Felon Disenfranchisement

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Felons and Voting
There are millions of disenfranchised felons and they are the last group of American citizens that are still being denied the right to vote. There are groups today that argue that the disenfranchisement of anyone is unconstitutional, but a person who commits a felony obviously cannot abide by the laws of this country and should not have the right to decide who makes the laws for the rest of its citizens. However there are felons that will do their time, whether in prison, on parole, or probation, and return to be productive law abiding citizens which should be able to have a voice in who governs them and policies that will affect them. The way that felons may vote is a concern, for some fear that they would vote for people and policies that would change laws to be more lenient towards criminals, instead of voting with the best interests of all citizens in mind. Enfranchising all felons should not happen but state laws disenfranchising felons need to be more unified and consistent nationwide.

There were 5.8 million Americans ineligible to vote in the 2012 because of disenfranchisement; about 1 out of 40 adult felons are denied the right to vote. (Uggen et al. 1) American felons do not simply give up their right to vote upon conviction, the basis of these laws came from the Greek policy of civil death for offenders of certain crimes. (Kleinig and Murtagh 218) The Supreme Court, in Tropp v. Dulles stated that “citizenship is not lost every time a duty of citizenship is shirked. And the deprivation of citizenship is not a weapon that the government may use to express its displeasure at a citizens conduct, however reprehensible that conduct may be”. (qtd. in Zeigler 213) And since the states have the right to decide the laws concerning voters and elections themselves disenfranchisement laws differ from one to another. Two people residing in different states with the exact same felony can have different levels of disenfranchisement forced upon them, which is a violation of these citizens’ rights under the Equal Protection Clause in the 14th Amendment. (Zeigler 213) Felons or not, citizens should not be denied this right in one state and have a neighboring state not deny at all when under the exact same conditions.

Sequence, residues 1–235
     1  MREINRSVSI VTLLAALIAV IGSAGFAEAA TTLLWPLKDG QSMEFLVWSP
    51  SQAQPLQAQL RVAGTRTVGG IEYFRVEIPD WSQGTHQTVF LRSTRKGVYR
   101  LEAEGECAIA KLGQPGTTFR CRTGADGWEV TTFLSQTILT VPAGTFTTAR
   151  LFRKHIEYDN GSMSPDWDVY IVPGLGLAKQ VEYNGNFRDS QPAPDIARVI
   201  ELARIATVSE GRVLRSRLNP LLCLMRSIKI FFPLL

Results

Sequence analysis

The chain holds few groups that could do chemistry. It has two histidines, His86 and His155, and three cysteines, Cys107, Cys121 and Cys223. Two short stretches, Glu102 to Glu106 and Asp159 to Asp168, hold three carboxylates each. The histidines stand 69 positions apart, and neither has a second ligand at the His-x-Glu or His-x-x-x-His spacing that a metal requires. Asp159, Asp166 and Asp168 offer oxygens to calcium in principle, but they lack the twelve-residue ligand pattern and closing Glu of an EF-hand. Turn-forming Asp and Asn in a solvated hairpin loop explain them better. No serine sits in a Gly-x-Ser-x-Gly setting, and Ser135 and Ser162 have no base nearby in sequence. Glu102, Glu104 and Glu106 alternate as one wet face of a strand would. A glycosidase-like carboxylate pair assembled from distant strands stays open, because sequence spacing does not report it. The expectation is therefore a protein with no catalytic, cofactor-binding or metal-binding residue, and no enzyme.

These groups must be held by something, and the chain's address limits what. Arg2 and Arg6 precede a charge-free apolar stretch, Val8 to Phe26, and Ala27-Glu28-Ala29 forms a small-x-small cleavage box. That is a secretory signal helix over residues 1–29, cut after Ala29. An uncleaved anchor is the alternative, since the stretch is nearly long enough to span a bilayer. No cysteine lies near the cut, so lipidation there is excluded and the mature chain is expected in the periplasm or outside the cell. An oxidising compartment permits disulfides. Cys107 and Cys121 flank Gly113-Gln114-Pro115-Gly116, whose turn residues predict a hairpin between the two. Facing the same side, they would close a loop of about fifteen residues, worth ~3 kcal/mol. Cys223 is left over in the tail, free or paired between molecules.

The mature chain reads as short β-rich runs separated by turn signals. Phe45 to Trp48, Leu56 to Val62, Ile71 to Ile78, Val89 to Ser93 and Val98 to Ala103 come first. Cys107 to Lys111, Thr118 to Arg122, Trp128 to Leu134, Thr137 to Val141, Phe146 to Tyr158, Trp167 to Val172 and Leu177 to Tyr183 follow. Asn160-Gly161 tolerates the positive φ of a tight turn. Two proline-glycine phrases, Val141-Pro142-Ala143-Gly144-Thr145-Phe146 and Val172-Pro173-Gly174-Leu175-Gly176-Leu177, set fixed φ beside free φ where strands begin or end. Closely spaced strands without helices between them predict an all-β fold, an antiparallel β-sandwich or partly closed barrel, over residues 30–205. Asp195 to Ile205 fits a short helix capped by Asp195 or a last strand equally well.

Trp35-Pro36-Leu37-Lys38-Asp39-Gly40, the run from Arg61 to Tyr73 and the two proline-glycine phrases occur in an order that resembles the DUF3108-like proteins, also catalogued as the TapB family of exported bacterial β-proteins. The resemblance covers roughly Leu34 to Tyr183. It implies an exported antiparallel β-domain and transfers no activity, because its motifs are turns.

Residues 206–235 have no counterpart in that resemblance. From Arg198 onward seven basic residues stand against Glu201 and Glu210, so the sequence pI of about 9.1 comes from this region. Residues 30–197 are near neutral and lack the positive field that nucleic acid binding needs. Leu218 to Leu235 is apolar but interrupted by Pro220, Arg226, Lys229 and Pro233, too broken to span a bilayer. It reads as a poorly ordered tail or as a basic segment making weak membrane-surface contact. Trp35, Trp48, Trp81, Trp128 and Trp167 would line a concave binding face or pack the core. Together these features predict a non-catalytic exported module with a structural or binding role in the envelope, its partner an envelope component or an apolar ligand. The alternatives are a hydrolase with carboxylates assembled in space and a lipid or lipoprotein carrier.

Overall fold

Felons are not the only citizens whose rights are in question; all citizens should have the right to choose if they want certain felons voting in their communities and states. Altman states that: It is true that the range of permissible policies is far from unlimited, but the same is true of permissible electoral systems. And just as with the case of electoral systems, it would be a mistake to demarcate the range of what is permissible without taking into account the right of citizens to define democratically their own state’s political identity. (Altman 264) That being said citizen’s rights need to be considered in conjunction with felons rights when policies are eliminated or altered. Although, to create nationwide more unified disenfranchisement laws, further limitation of a state’s individual right to govern their electoral systems will have to occur.

Citizens fear policy changes that might occur if felons and convicts are enfranchised. Ewald refers to the Alabama decision of Washington v. State, the need to protect the “purity of the ballot box” is a reason that convicts are disenfranchised. (Ewald 110) Felons and convicts have broken laws designed for peace and safety of all; citizens cannot be blamed entirely for not trusting them. Convicts may not care about its community’s concerns and citizens would prefer to have all voters take into account everyone’s needs not just the individual’s. (Ewald 113) Law makers worry how enfranchised felons can change law enforcement because “of the possible effects on the elected members of the criminal justice system” and the risk of creating an anti-law establishment. (Ewald 118) However Altman points out that “…felons are ethnically,...
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